Welcome to Common Gunsense

I hope this blog will provoke some thoughtful reflection about the issue of guns and gun violence. I am passionate about the issue and would love to change some misperceptions and the culture of gun violence in America by sharing with readers words, photos, videos and clips from articles to promote common sense about gun issues. Many of you will agree with me- some will not. I am only one person but one among many who think it's time to do something about this national problem. The views expressed by me in this blog do not represent any group with which I am associated but are rather my own personal opinions and thoughts.

Sunday, February 3, 2013

The NRA's logic is unraveling

After 12/14, the NRA lobbyists and leaders have had a bit of a tough time with their messaging. We know why. The messaging has been flawed for many years now. But they seem to have forgotten that in the year 2013, it's easy to debunk their message because so many people are now watching. As soon as the NRA decided to jump in with the gun industry, everything changed for the organization. (This great new article (linded above) from Rolling Stone is long and deserves a lot more attention actually.) It is no longer a sportsmans' organization. In fact, some of their advocates now claim that the Second Amendment is not about hunting at all. It's about owning and bearing guns for protection against the tyranny of a government gone wrong. They used to say it was about hunting and protecting their right to do so. The organization used to be about that very thing, in fact. (See above linked article) One could get whiplash trying to follow the flawed logic and arguments.

They loved the Heller decision when the interpretation was changed from the long held view that it was written to make sure a militia could be armed in case of war against another country or within the country to a right to have a gun in the home for self protection. But some were not happy with that version apparently because now they are screaming about needing assault rifles to defend their homes and to collect to use in a treasonous act of insurrection against the "jack booted government thugs." (If you don't believe the insurrection stuff, check this out for proof) Flip flopping seems pretty common these days. See my last post showing Wayne LaPierre saying two polar opposite things about gun background checks. You can't have it both ways. But when public opinion is now saying that the people are behind reasonable gun laws, the NRA lobbyists have pronounced in many places that surely the government ( whoever that is) is coming for their guns. Several much needed and long overdue measures to keep people who shouldn't have guns from getting them has sent them over the edge. I say over the edge is where they belong if they can't even compromise about something that will save lives and something even their own members want in large numbers.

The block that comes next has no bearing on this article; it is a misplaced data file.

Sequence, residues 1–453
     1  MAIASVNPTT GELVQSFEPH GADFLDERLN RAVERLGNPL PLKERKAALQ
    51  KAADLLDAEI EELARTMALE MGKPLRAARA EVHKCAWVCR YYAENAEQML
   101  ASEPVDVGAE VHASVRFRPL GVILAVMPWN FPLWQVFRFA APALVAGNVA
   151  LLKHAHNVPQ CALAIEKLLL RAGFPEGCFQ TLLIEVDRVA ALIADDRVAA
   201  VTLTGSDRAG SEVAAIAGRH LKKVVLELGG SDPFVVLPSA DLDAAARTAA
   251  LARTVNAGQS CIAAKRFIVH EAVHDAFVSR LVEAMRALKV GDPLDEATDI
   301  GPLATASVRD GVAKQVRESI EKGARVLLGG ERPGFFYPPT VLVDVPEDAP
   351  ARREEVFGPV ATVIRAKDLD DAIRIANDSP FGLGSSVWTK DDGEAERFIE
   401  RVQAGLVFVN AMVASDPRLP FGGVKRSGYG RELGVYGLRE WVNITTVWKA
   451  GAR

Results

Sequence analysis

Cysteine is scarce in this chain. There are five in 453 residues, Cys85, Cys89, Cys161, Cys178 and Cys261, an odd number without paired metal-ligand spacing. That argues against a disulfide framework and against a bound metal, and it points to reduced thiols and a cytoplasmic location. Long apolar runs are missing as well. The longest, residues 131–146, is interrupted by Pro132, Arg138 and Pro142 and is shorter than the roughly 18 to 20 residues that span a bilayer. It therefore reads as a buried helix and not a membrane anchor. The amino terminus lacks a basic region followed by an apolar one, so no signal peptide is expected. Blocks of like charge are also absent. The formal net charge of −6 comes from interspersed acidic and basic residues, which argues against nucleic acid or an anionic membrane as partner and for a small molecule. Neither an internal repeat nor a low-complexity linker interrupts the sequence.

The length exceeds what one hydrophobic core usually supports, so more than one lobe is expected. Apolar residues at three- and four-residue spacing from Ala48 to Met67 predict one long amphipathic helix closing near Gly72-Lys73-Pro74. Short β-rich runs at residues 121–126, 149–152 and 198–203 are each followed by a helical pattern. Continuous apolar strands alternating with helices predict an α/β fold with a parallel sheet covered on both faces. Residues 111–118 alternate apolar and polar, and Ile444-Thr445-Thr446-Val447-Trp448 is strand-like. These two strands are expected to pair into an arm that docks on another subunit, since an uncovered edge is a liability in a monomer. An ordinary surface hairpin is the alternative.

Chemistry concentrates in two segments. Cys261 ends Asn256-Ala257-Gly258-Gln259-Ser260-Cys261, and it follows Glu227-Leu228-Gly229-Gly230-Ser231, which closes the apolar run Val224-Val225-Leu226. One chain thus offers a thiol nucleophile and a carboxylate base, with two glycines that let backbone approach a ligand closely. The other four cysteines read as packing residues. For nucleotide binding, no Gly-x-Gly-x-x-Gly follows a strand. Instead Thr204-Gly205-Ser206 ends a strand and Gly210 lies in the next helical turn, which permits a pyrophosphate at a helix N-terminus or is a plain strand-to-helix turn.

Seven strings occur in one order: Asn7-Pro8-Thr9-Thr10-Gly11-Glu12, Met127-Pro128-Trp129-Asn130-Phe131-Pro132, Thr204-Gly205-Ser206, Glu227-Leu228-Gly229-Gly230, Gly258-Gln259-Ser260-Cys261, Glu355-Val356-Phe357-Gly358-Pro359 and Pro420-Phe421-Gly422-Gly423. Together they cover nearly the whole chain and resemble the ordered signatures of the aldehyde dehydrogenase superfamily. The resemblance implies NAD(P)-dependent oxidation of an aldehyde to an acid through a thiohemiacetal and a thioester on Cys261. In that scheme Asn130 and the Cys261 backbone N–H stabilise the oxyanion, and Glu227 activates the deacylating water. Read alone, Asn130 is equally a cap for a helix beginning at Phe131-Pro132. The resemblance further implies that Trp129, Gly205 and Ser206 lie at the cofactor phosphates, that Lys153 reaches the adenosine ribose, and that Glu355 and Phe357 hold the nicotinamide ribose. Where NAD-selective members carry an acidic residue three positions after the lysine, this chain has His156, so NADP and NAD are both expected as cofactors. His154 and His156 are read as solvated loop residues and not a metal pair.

So it's getting harder for the NRA lobbyists to square their message with the public who is not buying it. Not after 20 small children were laid to rest last December in Newtown, Connecticut after being massacred by someone who shouldn't have had a gun. Not only that, Adam Lanza had an AR-15 military style weapon and several other guns with high capacity magazines. The pubic is aware of these weapons of mass destruction designed to kill as many people as possible with as much destruction as possible in as little time as possible. The public doesn't like them. There isn't quite as much agreement about restricting these sorts of guns as there is with other measures to prevent gun violence. But there is strong support for an assault weapons ban nonetheless. Even Texans want one!! Background checks for all sales, for example, has so much public support that our leaders can no longer ignore the issue and will have to take action or be held accountable by people who want some action.